Emmanuel

Summertime is finally upon us in Buenos Aires. We’re running the AC liberally. The skirts and shorts have been in the wardrobe rotation for a while now. I’m getting a good farmer’s tan from all the surveying . And I’ve made good use of our rooftop pool in recent weeks. This has got to be the strangest holiday season I’ve ever had. Listening to “Baby It’s Cold Outside” as I apply another layer of sunscreen, I have to keep reminding myself it’s Christmastime.

We Christians like to make a  big deal about stressing “the true meaning of Christmas,” making sure the rest of the world knows that we participate in all of the consumerism because of JESUS and NOT because of Santa.

Snarky comments aside, I have always thought I had my heart in the right place over the holidays. I always knew in my head that Christmas is about Christ’s birth and nothing else. And yet, here I am, feeling a little sad to be away on Christmas. Away from my traditions and my family and a fire in the fireplace, is my celebration of Christmas just as joyful as always? I confess that it isn’t.

December has been a month of ups and downs. This past week contained most of the downs. I was pick-pocketed twice on the subway last week, once unsuccessfully and once successfully. I said goodbye to some wonderful American friends, one right after the other, as they all went home, just in time for the holidays. And then the massive tragedy in Newtown Connecticut happened and shook me to the core. I’ve come here to Argentina to pour myself out into Buenos Aires and yet for the past week my heart has been heavy with grief for my own country.

And my heart turns back on the true meaning of Christmas and wonders weakly if the story of the stable can comfort a mourning nation and grieving families. At least, not the way we often tell it. So often we lose ourselves in the details–in the frankincense and myrrh, in animals in the stable—and it all seems like a faraway fairy tale. And then we look at the horrific reality of what has happened here in 2012—dead children—and we question the relevance of a baby in a stable.

But look:

Then Herod, when he saw that he had been tricked by the wise men, became furious, and he sent and killed all the male children in Bethlehem and in all that region who were two years old or under, according to the time that he had ascertained from the wise men. Matthew 2:16

After Jesus was born, Herod, feeling his kingdom threatened, murdered all the baby boys in the whole region of Bethlehem. Mass murders. In Jesus’s time. This evil is not new. God sent his son into the very same world we live in now. Christ himself was nearly a victim of such violence. He knew what he was getting himself into with us.

Don’t get so caught up in the details of the story that we miss the point, the glorious miracle that GOD CAME TO US. He wrapped himself in skin and bone and made himself one of us and came into the world that he made and we ruined. I look at the atrocities and the evil in it and question: why did you come here, Lord? Confronting evil like the kind we saw here in 2012 and in Bethlehem 2000+ years ago makes the Incarnation all the more inconceivable. That God would leave heaven to come be with such bent creatures as humans shows how deeply and unconditionally we are loved.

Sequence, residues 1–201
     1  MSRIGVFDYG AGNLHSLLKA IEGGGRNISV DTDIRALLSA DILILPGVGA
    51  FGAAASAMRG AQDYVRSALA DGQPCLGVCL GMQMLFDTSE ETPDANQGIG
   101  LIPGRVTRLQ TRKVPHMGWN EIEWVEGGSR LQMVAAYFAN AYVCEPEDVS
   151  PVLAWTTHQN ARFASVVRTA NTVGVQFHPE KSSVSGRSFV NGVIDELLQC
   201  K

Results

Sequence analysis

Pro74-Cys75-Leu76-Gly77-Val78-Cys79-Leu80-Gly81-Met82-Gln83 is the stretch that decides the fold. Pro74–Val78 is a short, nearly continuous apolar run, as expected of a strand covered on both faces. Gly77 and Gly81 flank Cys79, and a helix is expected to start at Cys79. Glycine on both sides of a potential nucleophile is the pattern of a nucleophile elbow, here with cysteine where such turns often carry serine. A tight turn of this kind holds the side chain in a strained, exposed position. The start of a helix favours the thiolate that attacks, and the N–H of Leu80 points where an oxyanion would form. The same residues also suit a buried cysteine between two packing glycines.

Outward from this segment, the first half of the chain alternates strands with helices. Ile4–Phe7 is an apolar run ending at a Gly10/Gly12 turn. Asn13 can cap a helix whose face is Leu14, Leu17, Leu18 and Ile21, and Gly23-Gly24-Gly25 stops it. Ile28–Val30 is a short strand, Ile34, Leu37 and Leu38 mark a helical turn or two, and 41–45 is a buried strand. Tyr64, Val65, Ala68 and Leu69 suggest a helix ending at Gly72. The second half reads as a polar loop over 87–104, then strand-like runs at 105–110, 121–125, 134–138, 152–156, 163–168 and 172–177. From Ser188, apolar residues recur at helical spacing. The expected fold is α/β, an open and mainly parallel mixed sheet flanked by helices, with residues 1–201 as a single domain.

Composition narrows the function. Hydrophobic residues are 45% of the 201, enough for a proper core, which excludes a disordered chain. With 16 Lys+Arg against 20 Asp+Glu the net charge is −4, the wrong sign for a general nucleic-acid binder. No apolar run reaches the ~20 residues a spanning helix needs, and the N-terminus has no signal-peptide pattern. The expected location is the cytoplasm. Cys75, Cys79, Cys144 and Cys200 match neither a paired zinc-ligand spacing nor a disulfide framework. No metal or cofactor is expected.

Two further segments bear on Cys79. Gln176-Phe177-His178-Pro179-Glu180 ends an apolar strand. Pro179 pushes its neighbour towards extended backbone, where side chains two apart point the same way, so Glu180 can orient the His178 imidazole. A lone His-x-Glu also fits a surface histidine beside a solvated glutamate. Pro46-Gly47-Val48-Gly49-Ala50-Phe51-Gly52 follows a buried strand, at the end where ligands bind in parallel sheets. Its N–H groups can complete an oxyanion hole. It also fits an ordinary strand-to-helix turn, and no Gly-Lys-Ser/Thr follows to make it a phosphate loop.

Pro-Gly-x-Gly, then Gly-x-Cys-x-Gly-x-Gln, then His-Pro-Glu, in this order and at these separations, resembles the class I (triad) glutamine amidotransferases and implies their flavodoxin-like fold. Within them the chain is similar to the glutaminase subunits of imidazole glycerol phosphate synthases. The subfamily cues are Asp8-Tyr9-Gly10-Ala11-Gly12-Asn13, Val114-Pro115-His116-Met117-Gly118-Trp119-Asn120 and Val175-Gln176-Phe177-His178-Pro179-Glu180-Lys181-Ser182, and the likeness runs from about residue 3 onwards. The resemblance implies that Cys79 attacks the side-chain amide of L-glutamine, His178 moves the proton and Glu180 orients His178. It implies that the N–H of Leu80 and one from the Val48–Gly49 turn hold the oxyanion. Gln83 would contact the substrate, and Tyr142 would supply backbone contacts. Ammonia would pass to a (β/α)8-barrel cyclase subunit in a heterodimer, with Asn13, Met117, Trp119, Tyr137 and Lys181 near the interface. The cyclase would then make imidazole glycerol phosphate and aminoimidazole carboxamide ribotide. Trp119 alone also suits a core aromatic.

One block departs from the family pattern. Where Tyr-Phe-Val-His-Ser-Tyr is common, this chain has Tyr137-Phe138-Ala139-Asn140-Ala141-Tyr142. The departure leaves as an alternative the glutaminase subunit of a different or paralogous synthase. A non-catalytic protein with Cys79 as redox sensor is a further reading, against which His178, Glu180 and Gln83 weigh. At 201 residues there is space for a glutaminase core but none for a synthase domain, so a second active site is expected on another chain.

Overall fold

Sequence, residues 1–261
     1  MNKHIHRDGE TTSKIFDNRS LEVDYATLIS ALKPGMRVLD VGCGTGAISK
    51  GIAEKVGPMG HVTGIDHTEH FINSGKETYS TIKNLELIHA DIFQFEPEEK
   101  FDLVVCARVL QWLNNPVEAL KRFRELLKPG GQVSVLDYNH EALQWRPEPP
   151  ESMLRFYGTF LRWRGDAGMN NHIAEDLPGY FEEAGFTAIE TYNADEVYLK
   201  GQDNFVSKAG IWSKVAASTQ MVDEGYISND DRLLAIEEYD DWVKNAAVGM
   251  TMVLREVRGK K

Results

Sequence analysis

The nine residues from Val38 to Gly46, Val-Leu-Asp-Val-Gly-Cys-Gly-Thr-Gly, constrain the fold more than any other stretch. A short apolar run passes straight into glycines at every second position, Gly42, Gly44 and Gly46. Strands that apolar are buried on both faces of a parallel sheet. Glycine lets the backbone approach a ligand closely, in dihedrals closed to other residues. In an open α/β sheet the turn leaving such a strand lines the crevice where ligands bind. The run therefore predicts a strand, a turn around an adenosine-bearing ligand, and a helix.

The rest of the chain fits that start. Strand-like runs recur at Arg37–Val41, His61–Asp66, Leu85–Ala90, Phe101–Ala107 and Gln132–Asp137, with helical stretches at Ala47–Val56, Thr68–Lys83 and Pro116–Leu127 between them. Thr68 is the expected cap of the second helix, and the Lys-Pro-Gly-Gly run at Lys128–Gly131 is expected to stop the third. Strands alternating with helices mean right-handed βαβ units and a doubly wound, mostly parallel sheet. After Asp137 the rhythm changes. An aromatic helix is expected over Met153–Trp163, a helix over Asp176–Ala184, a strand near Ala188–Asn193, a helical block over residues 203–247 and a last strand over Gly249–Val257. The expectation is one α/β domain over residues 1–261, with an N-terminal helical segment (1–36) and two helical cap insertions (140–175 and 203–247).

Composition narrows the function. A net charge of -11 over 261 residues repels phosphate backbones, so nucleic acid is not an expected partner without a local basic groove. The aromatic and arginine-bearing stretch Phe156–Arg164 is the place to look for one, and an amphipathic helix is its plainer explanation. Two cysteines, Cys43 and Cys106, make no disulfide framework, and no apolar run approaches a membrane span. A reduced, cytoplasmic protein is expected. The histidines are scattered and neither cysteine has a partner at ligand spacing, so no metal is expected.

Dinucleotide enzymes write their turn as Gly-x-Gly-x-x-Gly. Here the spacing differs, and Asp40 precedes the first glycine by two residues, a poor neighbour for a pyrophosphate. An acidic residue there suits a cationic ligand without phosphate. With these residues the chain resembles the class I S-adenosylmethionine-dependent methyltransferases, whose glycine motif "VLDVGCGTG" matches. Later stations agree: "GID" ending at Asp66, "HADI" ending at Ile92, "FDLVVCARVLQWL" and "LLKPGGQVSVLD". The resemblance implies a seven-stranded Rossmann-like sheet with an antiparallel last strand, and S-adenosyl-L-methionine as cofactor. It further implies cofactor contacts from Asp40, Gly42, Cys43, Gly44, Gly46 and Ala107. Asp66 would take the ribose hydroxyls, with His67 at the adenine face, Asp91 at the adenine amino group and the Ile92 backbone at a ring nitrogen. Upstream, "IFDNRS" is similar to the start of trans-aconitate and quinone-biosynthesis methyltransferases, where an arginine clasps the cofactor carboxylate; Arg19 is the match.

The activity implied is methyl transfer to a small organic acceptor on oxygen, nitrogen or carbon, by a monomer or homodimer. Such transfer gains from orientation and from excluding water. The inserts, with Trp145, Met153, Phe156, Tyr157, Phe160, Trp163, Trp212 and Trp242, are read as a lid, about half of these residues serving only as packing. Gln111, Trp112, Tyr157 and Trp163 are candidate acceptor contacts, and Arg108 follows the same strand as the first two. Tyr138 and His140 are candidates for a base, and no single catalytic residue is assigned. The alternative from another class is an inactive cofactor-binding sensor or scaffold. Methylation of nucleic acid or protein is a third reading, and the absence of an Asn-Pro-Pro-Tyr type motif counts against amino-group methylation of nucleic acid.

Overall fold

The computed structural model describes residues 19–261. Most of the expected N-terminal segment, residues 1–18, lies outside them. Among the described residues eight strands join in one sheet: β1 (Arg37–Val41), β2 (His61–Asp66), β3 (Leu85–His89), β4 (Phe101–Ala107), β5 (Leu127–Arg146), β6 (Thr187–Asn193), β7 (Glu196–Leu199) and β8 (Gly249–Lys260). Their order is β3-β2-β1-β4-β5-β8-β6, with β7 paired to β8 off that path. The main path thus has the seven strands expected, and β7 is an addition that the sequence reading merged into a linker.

So this Christmas, it’s okay to mourn because man is sinful and we are vulnerable. But then rejoice. Worship. Celebrate. Because the extent of man’s sinfulness is exceeded by the vastness of God’s great love. We are not alone. He is Emmanuel, God WITH us!

That is worth thanking him for, don’t you think?

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2 thoughts on “Emmanuel

  1. How did you get so seriously wise beyond your years? You are quite the blessing. We certainly need some of that wisdom as people have little to hold onto these days except their fear. And there’s a whole lot of groups that love to feed, and feed on, that fear and really keep any legitimate dialogue from happening. I find it’s tough to explain Jesus to people that aren’t really interested in anything reasonable and won’t allow for belief in anything miraculous. It’s nice to know it’s not our job to convince them, just point them in the right direction.

    We miss you and we’re missing family too these holidays. But we are looking forward to getting together for the big Wedding. See you in Columbia. 🙂

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  2. Miss and love you, Kelsey.  Look forward to seeing you soon.

    Love,Aunt Duffy Paige “Duffy” Lewis

    “Genius without education is like silver in the mine.” — Benjamin Franklin

    “A distant, central government dictating every small decision in each town would result in poverty. The ultimate unit of government is the individual . . . He knows best his needs.” — Thomas Jefferson

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